#5. Bobby Hauck, UNLV - Usually the Top 5 on my list consists of BCS schools, but there's no denying that the UNLV Rebels made a huge step in the right direction by hiring Montana head coach Bobby Hauck. Hauck, who went 80-17 in seven seasons as Grizzlies head coach, really doesn't have to do much to outdo his predecessor, Mike Sanford. Sanford went a dismal 15-43 in his five seasons as Rebels head coach. This program has struggled ever since the end of John Robinson's tenure as head coach, and there's no doubt the fans are praying for success. I would be highly surprised if Hauck doesn't at least make UNLV contenders in the Mountain West during his time there.  

#4. Butch Jones, Cincinnati - Jones's landing at Cincinnati can be described by two words: "Earned" and "Ironic". Jones picked up where Brian Kelly left off with Central Michigan, leading the Chippewas to two MAC titles in his three seasons there. Once Kelly left the Bearcats for Notre Dame, Jones decided to replace Brian once again. Sadly, things can really only go down from here for Cincinnati, as last year's 12-1 season was the best in school history. Although the 2010 season will not be a repeat of '09, don't see it as a sign of things to come. Butch Jones is a good head coach, and the Bearcats will contend for the Big East title year in and year out as long as he is head coach.
 
#3. Turner Gill, Kansas - Gill, a former QB at Nebraska, took the extremely difficult job of building the University of Buffalo's football program, a team that had went 8-49 in 5 seasons under head coach Jim Hofher, in December of 2005. Gill led the Bulls to success they had never achieved before, including the 2008 MAC Title. Although there was a bit of a dropoff in 2009, the job Gill did building the program was undeniable. Gill steps into a good position at Kansas. The Jayhawks, who were on a hot streak the past few seasons, fell apart in 2009 on the heels of allegations of abuse not to mention a seven game losing streak to end the season. Turner Gill knows all about the Big 12 from his years at Nebraska as both a player and assistant coach. I predict that it doesn't take long for the Jayhawks to be highly successful under his leadership.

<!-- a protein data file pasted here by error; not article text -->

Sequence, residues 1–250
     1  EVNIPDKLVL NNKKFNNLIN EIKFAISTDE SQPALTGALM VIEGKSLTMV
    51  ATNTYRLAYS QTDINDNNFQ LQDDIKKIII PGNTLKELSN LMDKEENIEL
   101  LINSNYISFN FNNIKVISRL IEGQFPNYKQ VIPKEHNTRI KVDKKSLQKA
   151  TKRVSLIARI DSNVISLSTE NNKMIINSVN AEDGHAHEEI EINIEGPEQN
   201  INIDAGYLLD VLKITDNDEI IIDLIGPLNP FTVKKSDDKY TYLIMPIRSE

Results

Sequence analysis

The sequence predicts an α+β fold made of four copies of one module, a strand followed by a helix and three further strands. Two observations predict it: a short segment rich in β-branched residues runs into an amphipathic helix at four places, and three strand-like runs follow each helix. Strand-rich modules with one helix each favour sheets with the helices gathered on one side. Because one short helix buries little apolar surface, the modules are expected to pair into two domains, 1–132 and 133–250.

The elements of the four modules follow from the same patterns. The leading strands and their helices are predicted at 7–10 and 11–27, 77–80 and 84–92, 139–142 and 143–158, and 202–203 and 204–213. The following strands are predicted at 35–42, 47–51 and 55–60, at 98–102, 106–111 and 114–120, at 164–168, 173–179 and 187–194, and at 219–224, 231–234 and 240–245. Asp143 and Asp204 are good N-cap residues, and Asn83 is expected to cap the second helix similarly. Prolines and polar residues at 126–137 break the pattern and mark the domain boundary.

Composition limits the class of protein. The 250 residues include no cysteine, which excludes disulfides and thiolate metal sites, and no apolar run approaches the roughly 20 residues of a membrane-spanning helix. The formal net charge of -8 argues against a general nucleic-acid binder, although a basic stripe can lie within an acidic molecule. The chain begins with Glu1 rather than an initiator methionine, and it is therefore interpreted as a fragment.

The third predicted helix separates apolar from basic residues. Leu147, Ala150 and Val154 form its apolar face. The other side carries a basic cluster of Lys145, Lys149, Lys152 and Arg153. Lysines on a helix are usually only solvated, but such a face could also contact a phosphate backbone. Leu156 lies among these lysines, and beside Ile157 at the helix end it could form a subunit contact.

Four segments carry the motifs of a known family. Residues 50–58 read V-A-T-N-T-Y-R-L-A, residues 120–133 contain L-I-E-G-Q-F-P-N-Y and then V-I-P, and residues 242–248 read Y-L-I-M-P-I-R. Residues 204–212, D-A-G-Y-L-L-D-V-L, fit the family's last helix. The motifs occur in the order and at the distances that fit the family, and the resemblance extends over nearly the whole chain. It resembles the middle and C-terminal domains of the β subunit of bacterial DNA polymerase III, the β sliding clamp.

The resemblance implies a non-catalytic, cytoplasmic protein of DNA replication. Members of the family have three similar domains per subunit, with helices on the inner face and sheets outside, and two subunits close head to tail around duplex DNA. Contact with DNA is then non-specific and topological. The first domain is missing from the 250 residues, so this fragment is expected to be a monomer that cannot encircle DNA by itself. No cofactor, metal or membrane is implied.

#2. Charlie Strong, Louisville - It took me a while to decide on the final two spots on this list, and after a while I just had to put Strong #2, but believe me, I think this hire has been coming for about ten years. Strong, the defensive coordinator for the Florida Gators since 2002, has been the hottest coaching prospect this decade to have not been given a head coaching opportunity. Many believe it's because he is African-American, others point to the fact that he is African-American and his wife is white. Whatever the reason was, the reasoning was 100% wrong. Strong is one of the best assistant coaches of my time, and that's coming from someone who cannot stand the Gators. Louisville made a fantastic hire, and it will pay off very quickly.  

And the NUMBER ONE COACHING HIRE IS......................................................................
 

#1. Brian Kelly, Notre Dame -
As much as I hate giving Notre Dame credit, they did make the best hire of the offseason, no ifs, ands, or buts about it. Kelly has won everywhere he's been head coach: Grand Valley State (118-35-2 in 13 seasons), Central Michigan (19-16 in 3 seasons after the Chippewas went 9-26 the three seasons before he arrived), and Cincinnati (34-6 in four seasons, including an undefeated season in 2009). Notre Dame needs a name and a coach that will make everyone say "Charlie Who?" Brian Kelly looks to be that guy. He is one of the Top 5 coaches in the entire country, and will lead the Fighting Irish to at least one National Championship appearance in the next 5 years.


(Can Kelly with Championships at Notre Dame? I think so)


*= denotes coach-in-waiting who was named head coach this year